Tuesday, 29 May 2018

TRANSFUSE study is Trial of the Year Finalist

(L-R):Federal Minister for Health Greg Hunt MP,
Prof Jamie Cooper, Dr Zoe McQuilten

The Australian Clinical Trials Alliance announced their 2018 finalists and winners at an award ceremony on May 16th, and the TRANSFUSE trial, coordinated by the ANZIC-RC at our School, was a finalist for Trial of the Year.  Health Minister Greg Hunt MP presented the award at an event coinciding with International Clinical Trials Day.

The award acknowledges an investigator-driven trial for which the primary results were published in 2017, that addressed a critical gap in the evidence, demonstrated exceptional scientific rigour, and is expected to translate into a significant change in policy or practice. Professor Jamie Cooper and Dr Zoe McQuilten accepted the award on behalf of the TRANSFUSE Management Committee.

The TRANSFUSE Trial was an international, multi-centre, randomized, double-blind trial which investigated the age of red blood cells for transfusion and outcomes in critically ill adults. The primary paper, published in NEJM, demonstrated that blood transfusions using blood stored for up to the standard maximum of 42 days is just as beneficial or better for patient outcomes as using “fresher” blood stored for shorter period.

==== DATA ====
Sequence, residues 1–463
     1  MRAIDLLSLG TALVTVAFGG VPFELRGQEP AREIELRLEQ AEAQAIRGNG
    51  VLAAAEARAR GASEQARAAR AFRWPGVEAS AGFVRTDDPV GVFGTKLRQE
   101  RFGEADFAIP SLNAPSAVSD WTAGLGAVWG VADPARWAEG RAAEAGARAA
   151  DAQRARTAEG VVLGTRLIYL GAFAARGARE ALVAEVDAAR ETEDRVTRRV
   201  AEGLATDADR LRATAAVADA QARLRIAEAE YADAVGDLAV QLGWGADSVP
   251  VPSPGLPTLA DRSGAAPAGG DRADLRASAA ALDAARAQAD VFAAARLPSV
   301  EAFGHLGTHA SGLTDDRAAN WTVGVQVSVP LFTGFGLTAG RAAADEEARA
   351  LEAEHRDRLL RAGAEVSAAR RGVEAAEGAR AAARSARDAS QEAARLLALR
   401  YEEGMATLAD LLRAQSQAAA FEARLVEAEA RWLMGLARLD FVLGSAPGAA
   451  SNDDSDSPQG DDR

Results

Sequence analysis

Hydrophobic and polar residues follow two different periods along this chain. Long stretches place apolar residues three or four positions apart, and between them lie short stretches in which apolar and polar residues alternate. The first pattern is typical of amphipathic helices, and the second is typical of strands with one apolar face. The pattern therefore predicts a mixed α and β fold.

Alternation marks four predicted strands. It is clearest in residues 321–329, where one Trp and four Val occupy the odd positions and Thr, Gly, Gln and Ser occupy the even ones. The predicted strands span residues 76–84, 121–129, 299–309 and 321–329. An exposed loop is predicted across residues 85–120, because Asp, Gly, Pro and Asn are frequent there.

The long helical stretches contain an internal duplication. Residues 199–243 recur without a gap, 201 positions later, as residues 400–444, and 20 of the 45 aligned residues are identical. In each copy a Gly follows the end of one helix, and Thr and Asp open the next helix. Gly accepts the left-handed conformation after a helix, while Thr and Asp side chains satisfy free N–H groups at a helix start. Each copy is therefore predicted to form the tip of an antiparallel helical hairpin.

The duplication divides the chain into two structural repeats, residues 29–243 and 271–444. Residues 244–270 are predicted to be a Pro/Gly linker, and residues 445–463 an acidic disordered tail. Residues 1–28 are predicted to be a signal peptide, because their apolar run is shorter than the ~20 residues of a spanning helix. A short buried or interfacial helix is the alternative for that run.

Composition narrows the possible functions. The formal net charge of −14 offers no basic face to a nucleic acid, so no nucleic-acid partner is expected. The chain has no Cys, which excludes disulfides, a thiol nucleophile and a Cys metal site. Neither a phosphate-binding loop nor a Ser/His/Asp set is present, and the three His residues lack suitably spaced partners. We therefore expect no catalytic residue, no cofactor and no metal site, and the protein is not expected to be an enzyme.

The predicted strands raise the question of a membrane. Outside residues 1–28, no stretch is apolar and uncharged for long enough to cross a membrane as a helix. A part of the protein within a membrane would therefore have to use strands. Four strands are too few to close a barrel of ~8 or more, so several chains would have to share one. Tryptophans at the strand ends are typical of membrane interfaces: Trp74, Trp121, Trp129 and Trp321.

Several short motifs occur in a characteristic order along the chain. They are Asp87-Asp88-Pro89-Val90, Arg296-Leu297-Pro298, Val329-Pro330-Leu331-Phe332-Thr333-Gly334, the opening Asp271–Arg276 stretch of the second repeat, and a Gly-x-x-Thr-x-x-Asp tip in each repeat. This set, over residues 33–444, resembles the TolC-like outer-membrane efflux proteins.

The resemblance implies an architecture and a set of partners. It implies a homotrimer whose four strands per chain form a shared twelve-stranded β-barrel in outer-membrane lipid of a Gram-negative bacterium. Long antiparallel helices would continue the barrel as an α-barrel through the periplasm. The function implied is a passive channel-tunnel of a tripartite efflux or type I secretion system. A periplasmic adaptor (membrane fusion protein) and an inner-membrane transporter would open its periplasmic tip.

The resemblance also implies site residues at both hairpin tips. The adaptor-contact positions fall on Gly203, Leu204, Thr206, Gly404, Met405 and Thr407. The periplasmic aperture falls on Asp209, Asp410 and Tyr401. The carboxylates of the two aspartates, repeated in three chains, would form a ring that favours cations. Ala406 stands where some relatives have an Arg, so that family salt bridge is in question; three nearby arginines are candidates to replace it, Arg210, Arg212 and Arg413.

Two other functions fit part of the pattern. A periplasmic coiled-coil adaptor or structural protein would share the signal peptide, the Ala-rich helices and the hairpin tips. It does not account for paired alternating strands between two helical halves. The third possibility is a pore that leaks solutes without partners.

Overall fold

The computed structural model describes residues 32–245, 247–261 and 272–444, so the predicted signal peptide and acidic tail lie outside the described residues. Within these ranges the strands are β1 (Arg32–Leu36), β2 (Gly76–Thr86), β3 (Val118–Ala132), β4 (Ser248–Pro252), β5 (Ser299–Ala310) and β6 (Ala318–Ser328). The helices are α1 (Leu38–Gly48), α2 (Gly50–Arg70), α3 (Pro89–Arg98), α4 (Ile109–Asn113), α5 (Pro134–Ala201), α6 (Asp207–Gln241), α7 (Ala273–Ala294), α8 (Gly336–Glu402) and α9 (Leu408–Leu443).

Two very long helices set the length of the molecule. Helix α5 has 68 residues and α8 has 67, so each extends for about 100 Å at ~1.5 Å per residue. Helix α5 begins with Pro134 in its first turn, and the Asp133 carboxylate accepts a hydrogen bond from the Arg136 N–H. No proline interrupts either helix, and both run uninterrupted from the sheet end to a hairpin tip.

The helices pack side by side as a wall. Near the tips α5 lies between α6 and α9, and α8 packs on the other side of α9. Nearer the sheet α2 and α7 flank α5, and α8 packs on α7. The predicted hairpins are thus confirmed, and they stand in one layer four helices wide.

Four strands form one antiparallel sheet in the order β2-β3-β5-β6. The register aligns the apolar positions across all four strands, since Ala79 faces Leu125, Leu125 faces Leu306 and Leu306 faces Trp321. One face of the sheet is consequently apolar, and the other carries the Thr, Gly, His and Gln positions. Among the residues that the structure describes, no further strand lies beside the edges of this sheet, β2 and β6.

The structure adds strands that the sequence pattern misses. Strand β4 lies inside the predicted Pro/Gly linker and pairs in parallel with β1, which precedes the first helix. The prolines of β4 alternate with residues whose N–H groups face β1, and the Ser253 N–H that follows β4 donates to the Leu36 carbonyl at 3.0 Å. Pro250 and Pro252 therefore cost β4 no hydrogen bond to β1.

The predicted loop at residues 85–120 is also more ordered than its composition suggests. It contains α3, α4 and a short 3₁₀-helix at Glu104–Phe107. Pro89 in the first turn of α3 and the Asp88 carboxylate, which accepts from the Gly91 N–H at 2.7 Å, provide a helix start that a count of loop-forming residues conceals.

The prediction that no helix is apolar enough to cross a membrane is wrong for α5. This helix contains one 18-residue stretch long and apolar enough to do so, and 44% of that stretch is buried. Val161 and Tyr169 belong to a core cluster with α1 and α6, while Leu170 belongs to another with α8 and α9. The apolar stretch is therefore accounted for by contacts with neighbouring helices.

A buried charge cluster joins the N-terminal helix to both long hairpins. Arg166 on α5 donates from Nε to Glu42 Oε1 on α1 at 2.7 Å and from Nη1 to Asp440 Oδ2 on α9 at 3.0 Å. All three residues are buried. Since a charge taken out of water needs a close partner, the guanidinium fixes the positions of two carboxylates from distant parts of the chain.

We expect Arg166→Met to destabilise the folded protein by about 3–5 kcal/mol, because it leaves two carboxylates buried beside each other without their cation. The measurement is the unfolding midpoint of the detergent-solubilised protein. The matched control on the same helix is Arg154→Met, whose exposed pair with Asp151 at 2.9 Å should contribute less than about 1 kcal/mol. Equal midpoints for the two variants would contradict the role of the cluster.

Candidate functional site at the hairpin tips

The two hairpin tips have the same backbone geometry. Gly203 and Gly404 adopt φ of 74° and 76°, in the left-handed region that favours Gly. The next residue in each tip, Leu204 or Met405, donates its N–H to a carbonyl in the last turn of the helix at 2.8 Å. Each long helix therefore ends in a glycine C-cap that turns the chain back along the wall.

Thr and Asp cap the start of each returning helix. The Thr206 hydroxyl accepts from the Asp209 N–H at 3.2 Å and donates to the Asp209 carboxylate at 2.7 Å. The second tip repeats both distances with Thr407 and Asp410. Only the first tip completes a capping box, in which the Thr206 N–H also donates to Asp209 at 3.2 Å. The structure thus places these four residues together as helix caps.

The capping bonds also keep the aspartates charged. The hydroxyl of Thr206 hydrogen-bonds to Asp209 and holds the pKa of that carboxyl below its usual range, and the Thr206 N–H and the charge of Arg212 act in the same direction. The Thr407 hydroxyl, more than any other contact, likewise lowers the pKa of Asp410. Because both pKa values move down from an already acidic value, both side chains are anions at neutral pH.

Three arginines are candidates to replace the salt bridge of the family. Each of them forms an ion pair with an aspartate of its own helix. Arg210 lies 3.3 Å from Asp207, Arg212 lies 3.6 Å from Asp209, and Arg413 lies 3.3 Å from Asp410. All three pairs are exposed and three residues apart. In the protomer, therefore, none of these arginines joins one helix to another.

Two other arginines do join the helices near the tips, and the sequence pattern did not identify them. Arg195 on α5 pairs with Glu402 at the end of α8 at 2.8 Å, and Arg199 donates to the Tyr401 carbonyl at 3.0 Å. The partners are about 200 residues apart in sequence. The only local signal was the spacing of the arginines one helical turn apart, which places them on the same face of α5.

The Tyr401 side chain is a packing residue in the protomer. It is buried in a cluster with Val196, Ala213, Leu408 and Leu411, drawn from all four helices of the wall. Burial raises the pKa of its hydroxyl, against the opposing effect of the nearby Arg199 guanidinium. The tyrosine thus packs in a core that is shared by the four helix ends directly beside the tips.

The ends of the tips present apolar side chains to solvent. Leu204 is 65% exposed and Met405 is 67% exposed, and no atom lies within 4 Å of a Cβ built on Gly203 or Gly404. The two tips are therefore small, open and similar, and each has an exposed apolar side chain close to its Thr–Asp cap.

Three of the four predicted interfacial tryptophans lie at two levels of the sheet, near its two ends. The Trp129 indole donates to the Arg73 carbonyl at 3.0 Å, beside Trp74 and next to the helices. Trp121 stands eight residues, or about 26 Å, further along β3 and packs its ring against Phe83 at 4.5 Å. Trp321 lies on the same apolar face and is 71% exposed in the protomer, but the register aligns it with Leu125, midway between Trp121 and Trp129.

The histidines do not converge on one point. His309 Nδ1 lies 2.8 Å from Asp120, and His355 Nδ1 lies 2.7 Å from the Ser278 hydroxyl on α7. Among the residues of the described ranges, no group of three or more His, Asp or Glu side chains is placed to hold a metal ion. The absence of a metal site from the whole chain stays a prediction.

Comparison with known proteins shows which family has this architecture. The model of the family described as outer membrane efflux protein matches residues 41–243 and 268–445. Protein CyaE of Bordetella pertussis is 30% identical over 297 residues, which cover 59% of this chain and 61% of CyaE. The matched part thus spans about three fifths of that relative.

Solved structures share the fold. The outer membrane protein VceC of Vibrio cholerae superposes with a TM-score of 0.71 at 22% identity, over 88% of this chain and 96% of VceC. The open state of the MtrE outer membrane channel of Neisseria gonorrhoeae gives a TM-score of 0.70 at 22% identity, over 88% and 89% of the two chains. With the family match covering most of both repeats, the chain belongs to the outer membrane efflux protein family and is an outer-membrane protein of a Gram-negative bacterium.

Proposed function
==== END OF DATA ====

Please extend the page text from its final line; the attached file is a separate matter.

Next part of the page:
“Older blood appears to be like a good red wine – better with some age,” lead researcher Professor Jamie Cooper said. “We found that in the sickest subgroup of intensive care patients that their outcomes were better with the older blood rather than the fresher.” 

Award winners and finalists, Prof Jamie Cooper rear left,
 Dr Zoe McQuilten sitting in front of him
Hospitals receive blood supplies from the Australian Red Cross Blood Service. It’s allocated to patients using the oldest blood in each compatible group first. Some doctors were asking for the freshest possible blood for their patients because they believed it was better. The TRANSFUSE trial will likely result in improvements in the availability of blood by reducing wastage.

Minister Hunt used the ceremony to launch the Helping Our Health campaign to encourage more Australians to participate in ground-breaking clinical trials, opening up access to life-saving new medicines and treatments. The campaign will be led by four-time AFL premiership player and Hawthorn Football Club Captain, Jarryd Roughead.